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Old 01-08-2005, 03:42 AM   #1
minm
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What are cvs packages?


Hello, can anyone tell me what exactly cvs packages are? The benefits and the downfalls?

Thanks
 
Old 01-08-2005, 04:06 AM   #2
Dark_Helmet
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CVS = Concurrent Versioning System

In English: it's a system to keep track of changes made to code when there are multiple people working on the same project.

When you download a cvs package from a CVS server, you are downloading the absolute latest version of the software. And by that, I mean you are typically getting code that was merged into the project that day. The project is being actively developed, and you're downloading a daily snapshot.

This is great if you want to stay on the bleeding edge. It's not so great if you want stability. Someone may have just merged in code that has a bug. Someone may have checked in code that prevents a successful compile. If the developers have a strict checkin policy, then that lowers the chances, but people are human and sometimes make mistakes.

However, some projects will create "releases" inside CVS that you can check out. These are considered stable because the set of files won't change; they're frozen. With this route, you obviously aren't getting the latest-and-greatest.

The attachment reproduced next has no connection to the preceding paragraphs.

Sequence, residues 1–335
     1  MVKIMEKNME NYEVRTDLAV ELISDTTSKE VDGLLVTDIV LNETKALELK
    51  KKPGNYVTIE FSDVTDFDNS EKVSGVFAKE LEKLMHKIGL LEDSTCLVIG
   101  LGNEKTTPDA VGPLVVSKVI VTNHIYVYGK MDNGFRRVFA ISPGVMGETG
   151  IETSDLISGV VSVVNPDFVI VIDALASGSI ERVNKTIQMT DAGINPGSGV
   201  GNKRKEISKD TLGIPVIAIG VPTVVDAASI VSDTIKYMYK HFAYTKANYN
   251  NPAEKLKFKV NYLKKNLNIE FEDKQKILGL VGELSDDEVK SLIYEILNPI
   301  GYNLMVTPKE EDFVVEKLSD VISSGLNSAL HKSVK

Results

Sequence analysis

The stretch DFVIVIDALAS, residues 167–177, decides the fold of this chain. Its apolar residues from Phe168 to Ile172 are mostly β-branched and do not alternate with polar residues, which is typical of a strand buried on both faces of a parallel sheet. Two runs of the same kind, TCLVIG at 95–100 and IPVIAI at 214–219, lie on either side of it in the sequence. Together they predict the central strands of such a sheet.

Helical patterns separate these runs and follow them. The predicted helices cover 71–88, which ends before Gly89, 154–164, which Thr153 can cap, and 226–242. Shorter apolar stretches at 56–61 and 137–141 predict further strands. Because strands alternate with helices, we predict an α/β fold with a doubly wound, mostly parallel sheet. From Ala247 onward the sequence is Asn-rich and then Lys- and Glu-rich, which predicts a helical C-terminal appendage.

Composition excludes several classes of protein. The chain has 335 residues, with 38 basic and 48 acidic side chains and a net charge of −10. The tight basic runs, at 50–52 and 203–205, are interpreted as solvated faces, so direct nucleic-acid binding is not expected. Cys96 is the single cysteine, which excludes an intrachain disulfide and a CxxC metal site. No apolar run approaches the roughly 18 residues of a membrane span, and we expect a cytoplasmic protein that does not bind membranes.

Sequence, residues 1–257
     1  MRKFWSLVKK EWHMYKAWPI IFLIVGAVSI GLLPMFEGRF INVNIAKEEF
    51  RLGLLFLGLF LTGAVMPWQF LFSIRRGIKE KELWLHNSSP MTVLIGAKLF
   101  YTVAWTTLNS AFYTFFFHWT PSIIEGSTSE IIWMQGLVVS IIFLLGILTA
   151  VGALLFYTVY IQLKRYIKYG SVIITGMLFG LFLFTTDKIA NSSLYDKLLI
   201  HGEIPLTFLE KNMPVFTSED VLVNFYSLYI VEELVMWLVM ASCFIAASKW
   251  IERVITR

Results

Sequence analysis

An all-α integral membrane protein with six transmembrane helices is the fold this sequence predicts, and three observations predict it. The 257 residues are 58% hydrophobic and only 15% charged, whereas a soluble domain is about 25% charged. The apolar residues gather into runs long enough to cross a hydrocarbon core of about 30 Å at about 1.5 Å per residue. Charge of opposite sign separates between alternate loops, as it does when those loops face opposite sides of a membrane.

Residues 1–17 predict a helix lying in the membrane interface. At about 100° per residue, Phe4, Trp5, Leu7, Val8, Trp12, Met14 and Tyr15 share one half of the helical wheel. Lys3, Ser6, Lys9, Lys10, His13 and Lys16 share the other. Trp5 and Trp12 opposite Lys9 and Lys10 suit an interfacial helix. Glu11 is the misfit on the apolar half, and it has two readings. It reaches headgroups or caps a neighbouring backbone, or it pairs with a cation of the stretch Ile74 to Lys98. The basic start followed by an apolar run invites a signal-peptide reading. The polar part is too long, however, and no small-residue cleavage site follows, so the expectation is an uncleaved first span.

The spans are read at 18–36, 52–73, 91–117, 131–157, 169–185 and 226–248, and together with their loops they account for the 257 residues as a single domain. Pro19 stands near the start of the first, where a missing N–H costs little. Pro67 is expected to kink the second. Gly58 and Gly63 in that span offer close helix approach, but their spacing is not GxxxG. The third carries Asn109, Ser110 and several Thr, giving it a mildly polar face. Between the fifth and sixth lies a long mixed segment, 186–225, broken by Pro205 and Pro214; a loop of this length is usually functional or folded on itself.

My suggestion: unless you're a developer with the project, then you probably shouldn't mess with CVS unless it's the only way the project team offers the code (free Cedega is an example), or at least, stick to stable releases.
 
Old 01-08-2005, 04:08 AM   #3
masand
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CVS - Concurrent Versions System

i hae used that to get the latest packages
if u want to get the latest develpment packages ,and cannot wait for their Stable release then u can do that by CVS, if it is supported

the disadv. will be that they are not tested for stabilty so might end up with some bugs

regards
 
Old 01-08-2005, 04:10 AM   #4
not_an_expert
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CVS == Concurrent Versioning System - a source code management system.

CVS is where programmers check in their latest code revisions. The code is the latest and (hopefully) greatest, but at best it can be considered beta. It is often pre-alpha. It depends on the check-in standards and maturity of the project.
 
Old 01-08-2005, 03:11 PM   #5
minm
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thanks all
 
  


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